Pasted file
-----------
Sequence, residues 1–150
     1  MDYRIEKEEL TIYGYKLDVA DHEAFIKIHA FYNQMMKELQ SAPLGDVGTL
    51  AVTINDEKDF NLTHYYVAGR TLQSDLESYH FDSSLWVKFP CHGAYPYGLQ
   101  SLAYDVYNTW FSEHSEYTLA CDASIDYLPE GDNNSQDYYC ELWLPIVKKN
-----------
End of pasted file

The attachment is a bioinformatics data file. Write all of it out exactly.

Sequence, residues 1–150
     1  MDYRIEKEEL TIYGYKLDVA DHEAFIKIHA FYNQMMKELQ SAPLGDVGTL
    51  AVTINDEKDF NLTHYYVAGR TLQSDLESYH FDSSLWVKFP CHGAYPYGLQ
   101  SLAYDVYNTW FSEHSEYTLA CDASIDYLPE GDNNSQDYYC ELWLPIVKKN